Florida police were suspicious of George Zimmerman’s account of what took place, the night that he shot and killed Trayvon Martin.
More documents, released by the prosecution Tuesday (June 25) revealed that authorities found the 28-year-old’s words “inconsistent” with his actions.
After the shooting, Zimmerman was taken to a nearby police station, in which he told authorities that he was fearful of Martin, and pulled his gun out in an act of self-defense.
Zimmerman said that he first pursued the teenager by car, called a non-emergency line to report him, lost sight of him, then confronted him on foot.
Zimmerman passed a lie detector test, but authorities concluded that his actions were unwarranted.
“Investigative findings show that Zimmerman admitted avoiding a confrontation with Martin while Zimmerman was observing Martin from his vehicle, because, as he told investigators, was afraid of Martin,” wrote Det. Chris Serino.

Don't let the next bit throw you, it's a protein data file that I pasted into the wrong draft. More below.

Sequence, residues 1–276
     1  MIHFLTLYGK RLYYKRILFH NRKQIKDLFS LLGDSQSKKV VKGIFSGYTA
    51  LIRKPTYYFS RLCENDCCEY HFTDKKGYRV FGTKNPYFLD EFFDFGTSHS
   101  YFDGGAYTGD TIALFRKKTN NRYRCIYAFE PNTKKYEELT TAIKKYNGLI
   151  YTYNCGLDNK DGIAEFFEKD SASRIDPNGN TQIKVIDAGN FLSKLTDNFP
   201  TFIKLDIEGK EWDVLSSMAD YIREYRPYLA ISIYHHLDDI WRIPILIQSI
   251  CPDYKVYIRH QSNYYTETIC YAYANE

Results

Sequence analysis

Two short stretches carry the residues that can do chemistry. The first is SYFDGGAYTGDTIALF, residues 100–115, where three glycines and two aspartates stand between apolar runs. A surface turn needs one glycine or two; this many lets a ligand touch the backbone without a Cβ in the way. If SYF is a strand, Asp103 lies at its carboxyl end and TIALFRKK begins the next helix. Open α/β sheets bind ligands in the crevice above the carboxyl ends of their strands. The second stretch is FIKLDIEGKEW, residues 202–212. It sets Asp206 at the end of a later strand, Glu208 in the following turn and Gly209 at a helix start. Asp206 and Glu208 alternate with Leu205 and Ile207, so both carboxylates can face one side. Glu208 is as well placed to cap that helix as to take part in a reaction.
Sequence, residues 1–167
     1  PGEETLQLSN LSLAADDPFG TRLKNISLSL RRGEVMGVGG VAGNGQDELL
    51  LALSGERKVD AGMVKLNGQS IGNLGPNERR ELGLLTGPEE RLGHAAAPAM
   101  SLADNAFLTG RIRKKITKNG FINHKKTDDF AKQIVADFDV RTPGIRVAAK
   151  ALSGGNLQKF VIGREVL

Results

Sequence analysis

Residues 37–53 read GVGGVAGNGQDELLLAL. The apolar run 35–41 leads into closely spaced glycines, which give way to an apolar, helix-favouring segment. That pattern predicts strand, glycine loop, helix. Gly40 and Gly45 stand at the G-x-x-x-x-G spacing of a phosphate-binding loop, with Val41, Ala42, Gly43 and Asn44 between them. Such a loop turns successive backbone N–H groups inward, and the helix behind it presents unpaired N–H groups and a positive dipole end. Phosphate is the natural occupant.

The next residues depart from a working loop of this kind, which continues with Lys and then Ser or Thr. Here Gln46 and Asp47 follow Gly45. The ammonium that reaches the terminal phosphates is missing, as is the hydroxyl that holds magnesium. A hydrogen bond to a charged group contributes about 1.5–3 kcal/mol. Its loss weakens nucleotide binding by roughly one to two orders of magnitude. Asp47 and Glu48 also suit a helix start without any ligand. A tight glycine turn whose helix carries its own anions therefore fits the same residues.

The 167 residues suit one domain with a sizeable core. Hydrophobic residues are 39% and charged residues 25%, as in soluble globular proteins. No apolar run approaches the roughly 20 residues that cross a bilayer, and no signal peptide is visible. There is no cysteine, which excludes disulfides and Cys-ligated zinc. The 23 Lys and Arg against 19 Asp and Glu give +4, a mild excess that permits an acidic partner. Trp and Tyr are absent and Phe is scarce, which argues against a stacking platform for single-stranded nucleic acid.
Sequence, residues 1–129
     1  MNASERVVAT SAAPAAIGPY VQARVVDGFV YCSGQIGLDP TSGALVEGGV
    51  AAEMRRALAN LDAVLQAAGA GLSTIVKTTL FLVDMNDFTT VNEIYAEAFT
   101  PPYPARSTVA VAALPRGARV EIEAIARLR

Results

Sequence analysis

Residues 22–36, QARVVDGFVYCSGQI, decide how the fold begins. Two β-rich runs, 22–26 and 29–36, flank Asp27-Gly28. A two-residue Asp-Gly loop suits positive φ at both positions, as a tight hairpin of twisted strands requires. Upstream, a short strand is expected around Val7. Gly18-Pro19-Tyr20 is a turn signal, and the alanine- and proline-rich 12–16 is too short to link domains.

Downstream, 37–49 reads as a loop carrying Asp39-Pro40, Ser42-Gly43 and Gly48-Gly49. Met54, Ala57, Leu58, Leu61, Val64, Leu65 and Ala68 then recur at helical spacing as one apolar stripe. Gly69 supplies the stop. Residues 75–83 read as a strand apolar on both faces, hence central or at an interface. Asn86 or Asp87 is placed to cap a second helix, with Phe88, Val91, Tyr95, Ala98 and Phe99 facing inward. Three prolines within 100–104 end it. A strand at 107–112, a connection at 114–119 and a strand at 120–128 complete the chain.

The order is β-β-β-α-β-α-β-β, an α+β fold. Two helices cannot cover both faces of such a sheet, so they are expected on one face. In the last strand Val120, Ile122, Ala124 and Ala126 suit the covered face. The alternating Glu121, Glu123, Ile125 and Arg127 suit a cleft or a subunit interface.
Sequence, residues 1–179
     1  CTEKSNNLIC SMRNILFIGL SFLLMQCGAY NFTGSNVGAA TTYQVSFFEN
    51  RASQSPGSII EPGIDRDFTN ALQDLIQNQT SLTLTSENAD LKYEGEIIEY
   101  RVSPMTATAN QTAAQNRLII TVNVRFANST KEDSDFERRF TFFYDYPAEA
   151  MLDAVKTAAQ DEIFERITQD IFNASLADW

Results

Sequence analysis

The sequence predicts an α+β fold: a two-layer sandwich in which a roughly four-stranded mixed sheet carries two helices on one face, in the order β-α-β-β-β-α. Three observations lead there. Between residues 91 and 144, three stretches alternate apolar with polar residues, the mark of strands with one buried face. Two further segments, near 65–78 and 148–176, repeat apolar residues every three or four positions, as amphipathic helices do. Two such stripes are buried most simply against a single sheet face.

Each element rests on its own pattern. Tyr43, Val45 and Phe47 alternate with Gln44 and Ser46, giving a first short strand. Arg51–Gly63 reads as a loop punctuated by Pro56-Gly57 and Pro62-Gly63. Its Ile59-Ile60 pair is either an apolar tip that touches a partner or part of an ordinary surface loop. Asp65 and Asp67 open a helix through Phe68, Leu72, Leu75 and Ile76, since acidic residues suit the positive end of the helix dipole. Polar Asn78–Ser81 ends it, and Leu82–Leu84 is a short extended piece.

“Later in the encounter, Zimmerman exited his vehicle, in spite of his earlier admission to investigators that he was afraid of Martin, and followed Martin in an effort to maintain surveillance of him while Zimmerman awaited the arrival of law enforcement officers. His actions are inconsistent with those of a person who has stated he was in fear of another subject.
“Investigative findings show that George Michael Zimmerman had at least two opportunities to speak with Trayvon Benjamin Martin in order to defuse the circumstances surrounding their encounter.
On at least two occasions, George Martin Zimmerman failed to identify himself as a concerned resident or a neighborhood watch member to Trayvon Benjamin Martin.
Investigative findings show the physical dimension of Trayvon Benjamin Martin, and that of George Michael Zimmerman, coupled with the absence of any specialized training in hand to hand combat between either combatant, did not place George Michael Zimmerman in an extraordinary or exceptional disadvantage of apparent physical ability or defensive capacity.”
The former neighborhood watch captain stated that Martin asked him “What’s your problem?” to which he responded “I don’t have a problem.” From there, Zimmerman alleges that after reaching in his pocket to retrieve his cell phone, Martin said “You have one now,” then beat him so viciously, that he almost lost consciousness.
Prosecutors also released the full two-hour video of Zimmerman’s interview with police, following the shooting. He is scheduled to appear in court Friday (June 29) where his lawyer will plead for his release.